When my father died several years after I graduated from law school, I thought I’d never know the story of my life. But then in the basement of his medical office I found his WWII Army trunk. Inside was a shoe box full of photographs he had taken as an Army doctor in the European Theatre.
Most brought to mind the little he had told us about the war: crossing the English Channel on June 2, 1944. Prelude to the invasion at Utah Beach.” Photos of GIs lying on the ground, covered in white bandages. “The Clearing Station on Utah Beach, Mountains of rubble next to the remains of churches and homes. Fields of snow, of tanks and bodies covered in snow. “The Ardennes.”
I flipped through the photos, repetitive with war’s destruction until, at the bottom of the box, blurred stripes seized my eyes. Rows and rows of stripes that cascaded into a wave. A foot emerged from the chaos, a leg. Many legs. Grotesque, frozen faces. My fingers pinched the top corner and turned over the photo. “Nordhausen, Germany. April 12, 1945.”
Nordhausen. What in God’s name was Nordhausen? Another, more focused: a long canal-shaped ditch filled with bodies. Body after body. In a row. An endless row of bodies. “The burial of the concentration camps victims. April 15, 1945.”
It took me twelve years, major episodes of depression, and teaching a course on the Holocaust before I became ready to understand what these photographs were showing me. I went to my aunt, my father’s only surviving sibling.
“Oh, yes,” she said. “Your father’s medical battalion liberated that camp. It’s where the Nazis forced prisoners to make the V-1 bombs that hurled fire onto London. After more than two weeks of trying to keeps its survivors alive, your father had a nervous breakdown.”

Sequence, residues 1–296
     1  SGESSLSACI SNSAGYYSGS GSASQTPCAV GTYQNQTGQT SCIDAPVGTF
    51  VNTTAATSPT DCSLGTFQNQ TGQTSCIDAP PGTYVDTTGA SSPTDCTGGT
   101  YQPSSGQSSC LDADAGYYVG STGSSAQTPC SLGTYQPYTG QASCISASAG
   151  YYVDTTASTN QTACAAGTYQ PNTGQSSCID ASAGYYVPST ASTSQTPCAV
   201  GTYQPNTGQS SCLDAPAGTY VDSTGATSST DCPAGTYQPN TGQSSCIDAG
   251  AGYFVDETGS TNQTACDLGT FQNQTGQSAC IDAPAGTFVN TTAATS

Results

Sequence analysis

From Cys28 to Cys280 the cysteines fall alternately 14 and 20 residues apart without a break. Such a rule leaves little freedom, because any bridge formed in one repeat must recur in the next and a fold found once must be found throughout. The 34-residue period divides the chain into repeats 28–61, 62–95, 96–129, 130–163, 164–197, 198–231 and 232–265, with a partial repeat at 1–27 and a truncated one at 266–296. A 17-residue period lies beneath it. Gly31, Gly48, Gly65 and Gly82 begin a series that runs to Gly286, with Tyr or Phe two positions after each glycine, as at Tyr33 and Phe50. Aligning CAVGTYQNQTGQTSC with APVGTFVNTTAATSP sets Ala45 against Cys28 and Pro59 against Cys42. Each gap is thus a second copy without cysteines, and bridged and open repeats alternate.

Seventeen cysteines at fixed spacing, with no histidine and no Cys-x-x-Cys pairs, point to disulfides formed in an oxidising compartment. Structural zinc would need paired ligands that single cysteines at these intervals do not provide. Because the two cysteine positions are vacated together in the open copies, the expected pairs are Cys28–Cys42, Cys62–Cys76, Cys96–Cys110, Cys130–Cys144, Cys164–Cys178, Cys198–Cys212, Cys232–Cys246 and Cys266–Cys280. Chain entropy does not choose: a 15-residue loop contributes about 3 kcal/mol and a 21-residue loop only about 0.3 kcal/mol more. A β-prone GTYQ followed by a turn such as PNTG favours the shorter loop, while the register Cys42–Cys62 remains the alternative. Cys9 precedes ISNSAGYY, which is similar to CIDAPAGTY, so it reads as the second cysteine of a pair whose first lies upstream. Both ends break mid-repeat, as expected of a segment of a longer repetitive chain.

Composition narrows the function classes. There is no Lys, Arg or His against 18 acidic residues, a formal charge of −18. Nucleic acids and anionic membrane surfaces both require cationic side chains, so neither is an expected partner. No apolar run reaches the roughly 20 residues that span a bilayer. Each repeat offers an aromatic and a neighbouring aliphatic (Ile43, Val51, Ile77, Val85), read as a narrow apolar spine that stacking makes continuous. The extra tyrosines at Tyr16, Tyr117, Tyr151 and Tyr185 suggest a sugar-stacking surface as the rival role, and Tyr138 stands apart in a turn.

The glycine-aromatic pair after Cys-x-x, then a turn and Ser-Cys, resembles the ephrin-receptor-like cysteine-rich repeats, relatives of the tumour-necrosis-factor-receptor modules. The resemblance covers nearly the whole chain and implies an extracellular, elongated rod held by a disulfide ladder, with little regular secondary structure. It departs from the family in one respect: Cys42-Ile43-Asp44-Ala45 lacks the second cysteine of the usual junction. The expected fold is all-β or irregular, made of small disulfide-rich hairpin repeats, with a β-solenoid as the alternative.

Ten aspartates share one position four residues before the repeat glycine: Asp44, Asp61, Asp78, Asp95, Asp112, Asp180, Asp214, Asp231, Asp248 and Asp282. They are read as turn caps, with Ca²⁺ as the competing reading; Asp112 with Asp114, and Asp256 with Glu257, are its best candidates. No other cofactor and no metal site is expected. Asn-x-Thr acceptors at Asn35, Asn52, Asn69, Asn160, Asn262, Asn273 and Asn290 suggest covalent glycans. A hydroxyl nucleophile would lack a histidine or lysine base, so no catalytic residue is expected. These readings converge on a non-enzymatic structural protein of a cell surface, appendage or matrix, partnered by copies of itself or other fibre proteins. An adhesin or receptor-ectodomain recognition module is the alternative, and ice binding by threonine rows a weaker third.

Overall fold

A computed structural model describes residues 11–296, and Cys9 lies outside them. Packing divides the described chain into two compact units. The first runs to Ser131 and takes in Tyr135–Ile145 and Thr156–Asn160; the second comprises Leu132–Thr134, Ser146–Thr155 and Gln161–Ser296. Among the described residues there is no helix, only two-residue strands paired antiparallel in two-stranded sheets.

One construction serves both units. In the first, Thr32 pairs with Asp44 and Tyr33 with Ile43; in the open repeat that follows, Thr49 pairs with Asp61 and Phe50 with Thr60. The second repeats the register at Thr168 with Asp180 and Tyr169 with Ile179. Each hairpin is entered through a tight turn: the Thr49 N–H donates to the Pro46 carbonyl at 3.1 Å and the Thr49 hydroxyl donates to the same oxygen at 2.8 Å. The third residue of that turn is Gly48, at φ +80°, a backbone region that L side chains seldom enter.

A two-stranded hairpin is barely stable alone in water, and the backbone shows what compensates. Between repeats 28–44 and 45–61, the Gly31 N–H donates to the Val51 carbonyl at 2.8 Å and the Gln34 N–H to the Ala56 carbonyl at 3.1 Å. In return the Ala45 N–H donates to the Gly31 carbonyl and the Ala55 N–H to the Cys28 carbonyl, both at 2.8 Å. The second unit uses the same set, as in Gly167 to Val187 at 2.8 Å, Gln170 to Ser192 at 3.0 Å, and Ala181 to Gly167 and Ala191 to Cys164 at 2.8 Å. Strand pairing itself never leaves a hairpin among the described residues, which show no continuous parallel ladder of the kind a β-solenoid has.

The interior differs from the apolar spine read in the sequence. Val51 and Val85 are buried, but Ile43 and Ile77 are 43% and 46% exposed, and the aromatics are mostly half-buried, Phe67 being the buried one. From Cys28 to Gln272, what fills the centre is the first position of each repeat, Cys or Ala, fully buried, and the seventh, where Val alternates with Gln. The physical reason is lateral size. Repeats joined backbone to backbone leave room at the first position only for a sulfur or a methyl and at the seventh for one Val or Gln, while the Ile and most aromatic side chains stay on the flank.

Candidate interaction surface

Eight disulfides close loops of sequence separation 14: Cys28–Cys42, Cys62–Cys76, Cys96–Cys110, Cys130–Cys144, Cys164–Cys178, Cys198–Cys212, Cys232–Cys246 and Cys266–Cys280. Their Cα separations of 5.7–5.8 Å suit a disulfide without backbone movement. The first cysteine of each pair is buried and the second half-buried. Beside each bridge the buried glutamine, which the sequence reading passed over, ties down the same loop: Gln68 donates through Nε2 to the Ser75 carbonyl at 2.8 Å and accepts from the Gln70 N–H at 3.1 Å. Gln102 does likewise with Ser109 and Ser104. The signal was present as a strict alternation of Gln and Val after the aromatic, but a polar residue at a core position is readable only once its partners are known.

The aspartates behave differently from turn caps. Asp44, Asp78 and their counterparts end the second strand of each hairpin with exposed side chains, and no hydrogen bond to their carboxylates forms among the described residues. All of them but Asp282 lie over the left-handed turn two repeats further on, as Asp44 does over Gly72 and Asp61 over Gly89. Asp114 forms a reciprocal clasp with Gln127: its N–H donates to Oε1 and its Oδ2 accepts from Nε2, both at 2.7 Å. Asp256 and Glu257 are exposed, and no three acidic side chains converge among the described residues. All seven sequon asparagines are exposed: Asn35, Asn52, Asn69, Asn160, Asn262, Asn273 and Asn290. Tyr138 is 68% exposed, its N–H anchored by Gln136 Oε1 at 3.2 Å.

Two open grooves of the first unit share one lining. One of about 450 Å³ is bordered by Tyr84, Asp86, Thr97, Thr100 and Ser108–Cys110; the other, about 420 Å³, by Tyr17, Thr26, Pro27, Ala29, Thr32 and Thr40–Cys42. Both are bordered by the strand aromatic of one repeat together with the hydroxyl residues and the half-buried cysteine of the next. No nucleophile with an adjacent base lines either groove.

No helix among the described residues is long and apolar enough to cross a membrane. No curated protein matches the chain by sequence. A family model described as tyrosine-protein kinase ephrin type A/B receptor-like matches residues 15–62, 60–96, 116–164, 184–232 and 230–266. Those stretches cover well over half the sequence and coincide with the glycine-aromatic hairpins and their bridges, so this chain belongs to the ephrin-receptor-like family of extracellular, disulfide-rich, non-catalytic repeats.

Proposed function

My father? A nervous breakdown? Impossible. He had always scorned psychologists and therapists; the mere mention of the word depression aroused ire. “I didn’t raise you to be a princess,” he had said, when in law school I had confessed my crippling depression to him. “We pick ourselves up by our bootstraps. We keep the flag flying.” But I remembered that in one of my father’s photographs, he was sitting on a beach, barely dressed, his face bleached with despair. On the back his handwriting noted “Cannes, May 1945.”
Over the next year I located and interviewed more than seventy World War II veterans who had also liberated Nazi concentration camps. “I was never the same, never,” one man told me. Another said, “The shock was complete. My mind froze.” “I’ve never told anyone,” a Veteran Army surgeon said. “Words cannot convey… .” “I’m still not prepared for Mauthausen,” an 86-year-old veteran whispered.
Sixty-five years later, these men and women remain traumatized. Yet very few have spoken about it with their spouses, and even fewer have shared their memories with their children, though their children—like me—know on a deep nonverbal level what their fathers and mothers have witnessed, because, like me, they absorbed the repressed grief in their silent childhood homes.
A few months ago I was lucky enough to attend a listening circle for Veterans and their families in Atlanta. When my turn came, I described how my father exiled grief from our home and was unable to see the consequences of his silent rules. A veteran of Vietnam began crying and said that as he heard my words, he saw that he had also banned grief from his home. “I was terrified,” he said, “that if my children grieved, I would have to feel my grief.”
The grief is so vast, the memories so horrific, that—as one veteran told me after I had packed away my tape recorder—“I was certain they would destroy me.”